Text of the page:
Time for a reorganisation of Government's executive structure?
by Festus L. Brotherson, Jr.
May 9, 1999
EVENTS of the last few weeks, including the strike sanctioned by the Trades Union Congress (TUC), make clearer the frustrating ever-present reality that is the moribund Guyana of today.
Because trade unions have traditionally been politically aligned on racial grounds, we must strip away the cover of a wages' dispute to find the core problem. Middle and working class Blacks continue to believe there is widespread prejudice by East Indians in the government domain and some parts of the private sector.
There are also serious claims that East Indians are victims of organised Black violence on grounds of racial discrimination.
Allegations on both sides have merits and flaws. This requires that the issue of race be one of sustained highest priority by the Peoples' Progressive Party government with its civic component (PPP/Civic).
Recently, the Guyana Airways Corporation (GAC) was locally privatised. This suggests the stirrings of a positive outlook among Guyana's business leaders. However, the very vexing reality of just how obstructive to investments are racial animosities remains apparent.
Racism triggers political instability and a climate inhospitable for major local and foreign investment. Economic growth falls short of high expectations. Militant trade unionism is on the rise, and civil discourse has been replaced by incendiary rhetoric.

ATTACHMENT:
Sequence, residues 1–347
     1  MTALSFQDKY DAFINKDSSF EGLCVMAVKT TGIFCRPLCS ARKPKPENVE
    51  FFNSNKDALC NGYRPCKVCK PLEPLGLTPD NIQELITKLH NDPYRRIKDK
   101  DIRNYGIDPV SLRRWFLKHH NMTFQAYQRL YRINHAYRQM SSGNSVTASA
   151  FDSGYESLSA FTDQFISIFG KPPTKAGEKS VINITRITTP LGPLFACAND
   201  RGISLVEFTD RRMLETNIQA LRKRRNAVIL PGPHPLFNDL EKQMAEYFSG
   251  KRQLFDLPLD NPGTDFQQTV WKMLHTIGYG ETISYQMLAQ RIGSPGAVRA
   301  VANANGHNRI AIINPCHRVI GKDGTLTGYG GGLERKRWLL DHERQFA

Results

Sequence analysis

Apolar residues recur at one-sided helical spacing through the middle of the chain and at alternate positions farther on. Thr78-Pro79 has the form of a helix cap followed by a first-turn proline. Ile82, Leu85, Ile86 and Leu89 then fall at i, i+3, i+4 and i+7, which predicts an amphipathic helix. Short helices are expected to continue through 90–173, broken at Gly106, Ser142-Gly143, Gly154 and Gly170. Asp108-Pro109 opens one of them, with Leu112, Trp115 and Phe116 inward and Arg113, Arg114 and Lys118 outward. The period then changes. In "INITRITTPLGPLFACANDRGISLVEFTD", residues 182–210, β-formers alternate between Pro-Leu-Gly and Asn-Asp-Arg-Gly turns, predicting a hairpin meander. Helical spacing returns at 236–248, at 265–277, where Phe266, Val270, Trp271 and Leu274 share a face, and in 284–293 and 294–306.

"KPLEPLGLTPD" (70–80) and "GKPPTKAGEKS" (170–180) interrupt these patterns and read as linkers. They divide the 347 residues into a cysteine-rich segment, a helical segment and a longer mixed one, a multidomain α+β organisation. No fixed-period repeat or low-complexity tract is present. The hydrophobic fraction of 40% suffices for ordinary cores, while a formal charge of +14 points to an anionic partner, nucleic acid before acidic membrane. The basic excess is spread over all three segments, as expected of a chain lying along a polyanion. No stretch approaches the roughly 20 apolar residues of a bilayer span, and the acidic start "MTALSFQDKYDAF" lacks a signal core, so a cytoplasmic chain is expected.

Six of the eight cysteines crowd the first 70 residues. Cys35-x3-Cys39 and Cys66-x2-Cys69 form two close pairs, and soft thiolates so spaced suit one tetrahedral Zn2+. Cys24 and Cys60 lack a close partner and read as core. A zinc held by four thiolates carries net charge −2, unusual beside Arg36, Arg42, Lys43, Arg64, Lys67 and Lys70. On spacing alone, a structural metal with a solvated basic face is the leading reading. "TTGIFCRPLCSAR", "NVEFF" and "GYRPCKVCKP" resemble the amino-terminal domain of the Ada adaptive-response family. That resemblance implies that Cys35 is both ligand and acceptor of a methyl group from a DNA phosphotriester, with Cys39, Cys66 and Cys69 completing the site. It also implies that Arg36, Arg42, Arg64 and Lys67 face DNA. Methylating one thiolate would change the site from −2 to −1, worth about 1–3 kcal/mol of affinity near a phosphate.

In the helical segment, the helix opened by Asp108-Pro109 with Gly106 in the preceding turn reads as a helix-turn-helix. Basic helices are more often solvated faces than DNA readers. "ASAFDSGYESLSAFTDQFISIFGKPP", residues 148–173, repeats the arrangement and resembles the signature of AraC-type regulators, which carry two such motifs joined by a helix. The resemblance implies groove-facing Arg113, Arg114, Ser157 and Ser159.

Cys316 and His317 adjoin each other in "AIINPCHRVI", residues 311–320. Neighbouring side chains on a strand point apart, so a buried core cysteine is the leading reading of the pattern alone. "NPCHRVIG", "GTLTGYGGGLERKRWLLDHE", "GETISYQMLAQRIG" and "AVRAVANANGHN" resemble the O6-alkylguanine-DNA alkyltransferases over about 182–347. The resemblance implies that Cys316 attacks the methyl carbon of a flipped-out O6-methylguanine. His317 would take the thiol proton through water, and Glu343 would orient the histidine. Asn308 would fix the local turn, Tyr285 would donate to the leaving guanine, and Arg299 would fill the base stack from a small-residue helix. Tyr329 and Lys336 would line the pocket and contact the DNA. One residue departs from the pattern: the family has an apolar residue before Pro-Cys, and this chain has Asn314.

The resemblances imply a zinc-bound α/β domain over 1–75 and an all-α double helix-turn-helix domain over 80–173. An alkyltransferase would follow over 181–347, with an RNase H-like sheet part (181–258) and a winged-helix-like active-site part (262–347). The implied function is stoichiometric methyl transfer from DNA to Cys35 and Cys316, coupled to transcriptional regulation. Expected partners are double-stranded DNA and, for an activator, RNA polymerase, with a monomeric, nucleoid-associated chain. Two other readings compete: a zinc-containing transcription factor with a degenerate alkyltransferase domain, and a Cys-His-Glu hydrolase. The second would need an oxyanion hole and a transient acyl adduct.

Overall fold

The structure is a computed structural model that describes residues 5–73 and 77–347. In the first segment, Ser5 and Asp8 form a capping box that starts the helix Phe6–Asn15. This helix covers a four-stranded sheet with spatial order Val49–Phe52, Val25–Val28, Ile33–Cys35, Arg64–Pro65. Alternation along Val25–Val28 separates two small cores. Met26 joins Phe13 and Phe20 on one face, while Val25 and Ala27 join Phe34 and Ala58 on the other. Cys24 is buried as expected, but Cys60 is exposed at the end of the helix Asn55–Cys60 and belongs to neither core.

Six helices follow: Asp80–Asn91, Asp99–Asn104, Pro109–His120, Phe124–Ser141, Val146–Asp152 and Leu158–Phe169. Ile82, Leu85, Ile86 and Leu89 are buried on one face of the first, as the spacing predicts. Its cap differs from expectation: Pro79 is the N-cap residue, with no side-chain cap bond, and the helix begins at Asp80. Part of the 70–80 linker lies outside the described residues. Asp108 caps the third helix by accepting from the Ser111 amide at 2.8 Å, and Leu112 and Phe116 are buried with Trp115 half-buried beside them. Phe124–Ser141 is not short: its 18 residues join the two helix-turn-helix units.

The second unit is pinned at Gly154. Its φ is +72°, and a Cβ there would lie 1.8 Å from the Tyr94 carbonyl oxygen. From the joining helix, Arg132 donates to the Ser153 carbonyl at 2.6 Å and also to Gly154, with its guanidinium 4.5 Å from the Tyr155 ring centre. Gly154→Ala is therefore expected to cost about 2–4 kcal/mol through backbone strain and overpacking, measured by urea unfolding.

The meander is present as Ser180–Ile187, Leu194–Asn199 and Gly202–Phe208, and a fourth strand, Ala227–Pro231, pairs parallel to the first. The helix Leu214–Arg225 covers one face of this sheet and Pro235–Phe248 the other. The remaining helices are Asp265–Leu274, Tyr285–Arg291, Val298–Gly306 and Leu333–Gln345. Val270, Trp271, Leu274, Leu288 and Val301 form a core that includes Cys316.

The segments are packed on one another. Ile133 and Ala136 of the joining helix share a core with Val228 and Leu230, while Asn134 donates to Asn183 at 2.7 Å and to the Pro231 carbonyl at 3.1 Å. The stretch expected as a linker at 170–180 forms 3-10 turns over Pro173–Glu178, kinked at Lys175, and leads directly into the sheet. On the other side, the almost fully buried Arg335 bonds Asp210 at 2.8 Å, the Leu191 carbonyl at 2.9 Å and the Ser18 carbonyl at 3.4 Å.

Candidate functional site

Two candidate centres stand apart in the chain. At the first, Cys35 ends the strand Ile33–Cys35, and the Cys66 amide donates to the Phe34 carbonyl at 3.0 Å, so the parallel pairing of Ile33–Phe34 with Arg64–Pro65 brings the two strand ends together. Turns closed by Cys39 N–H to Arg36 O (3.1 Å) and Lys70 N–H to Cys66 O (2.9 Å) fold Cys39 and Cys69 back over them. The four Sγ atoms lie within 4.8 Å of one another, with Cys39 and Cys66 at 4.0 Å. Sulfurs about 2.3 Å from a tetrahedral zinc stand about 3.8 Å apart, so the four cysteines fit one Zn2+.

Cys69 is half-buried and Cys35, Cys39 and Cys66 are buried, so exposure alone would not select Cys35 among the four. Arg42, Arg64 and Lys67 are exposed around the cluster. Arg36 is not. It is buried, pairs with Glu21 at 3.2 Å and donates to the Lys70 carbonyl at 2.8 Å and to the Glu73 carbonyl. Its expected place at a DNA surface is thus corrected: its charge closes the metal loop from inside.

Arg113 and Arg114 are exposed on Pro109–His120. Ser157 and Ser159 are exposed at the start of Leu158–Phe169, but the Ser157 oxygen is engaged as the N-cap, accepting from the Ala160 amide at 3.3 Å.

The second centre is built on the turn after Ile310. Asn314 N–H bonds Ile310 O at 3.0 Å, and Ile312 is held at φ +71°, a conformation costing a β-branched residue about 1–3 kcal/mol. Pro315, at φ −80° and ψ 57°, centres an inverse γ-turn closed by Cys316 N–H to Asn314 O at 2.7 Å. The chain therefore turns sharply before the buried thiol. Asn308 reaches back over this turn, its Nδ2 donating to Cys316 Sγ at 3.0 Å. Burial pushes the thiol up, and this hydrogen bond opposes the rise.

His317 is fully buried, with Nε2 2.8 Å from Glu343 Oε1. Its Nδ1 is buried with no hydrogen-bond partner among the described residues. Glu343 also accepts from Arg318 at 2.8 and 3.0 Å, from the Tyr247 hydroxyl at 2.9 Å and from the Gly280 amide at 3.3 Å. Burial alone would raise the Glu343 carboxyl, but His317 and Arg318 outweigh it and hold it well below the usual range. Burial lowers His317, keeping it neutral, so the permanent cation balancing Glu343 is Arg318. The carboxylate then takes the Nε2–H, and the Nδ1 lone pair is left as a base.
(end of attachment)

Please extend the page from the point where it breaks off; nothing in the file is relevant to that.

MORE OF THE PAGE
Using violence and threats of it, the Black-dominated People's National Congress (PNC) opposition party is trying to make Guyana "ungovernable", while the government now warns it will no longer tolerate such activities. There is a deadening paradox which must be resolved.
Racial tensions create political instability that checkmate economic development in the context of a globalised economic world. Lack of development intensifies racism and political instability in the infirm democracy.
A fair question is this: failing resolution of the paradox, is regression to authoritarian rule likely?
Towards abatement of the highly tense environment, a first step might well have to be a significant reorganisation of the government's executive structure. A malaise appears to have overcome many senior personnel except in a few cases.
Previous PNC administrations mistakenly followed a policy of hardened loyalty to some people over effective skills and performance. The country is still trying to overcome the negative consequences of that approach to policy-making and implementation.
Such a governance strategy usually institutionalises a paralysis of ideas, emboldens corruption, widens inactivity, rewards swaggering arrogance of the incompetent, nullifies fine work of talented colleagues, and nurtures a perception of inability to provide good government.
Newspaper columnist, Allan Fenty, commented the other day about the surprising defensive position from which the government's work proceeds. Good government cannot be provided citizens from such a posture where the public perception is that opposition forces command the national agenda of priorities.
The public perception might be wrong and the allegation unfair. However, when left unaddressed, perceptions become solid realities in human minds.
What we have in Guyana today are dangerous pent-up hostilities on both sides of the ethnic divide, principally in Georgetown and a few other parts of the country. Is this deja vu?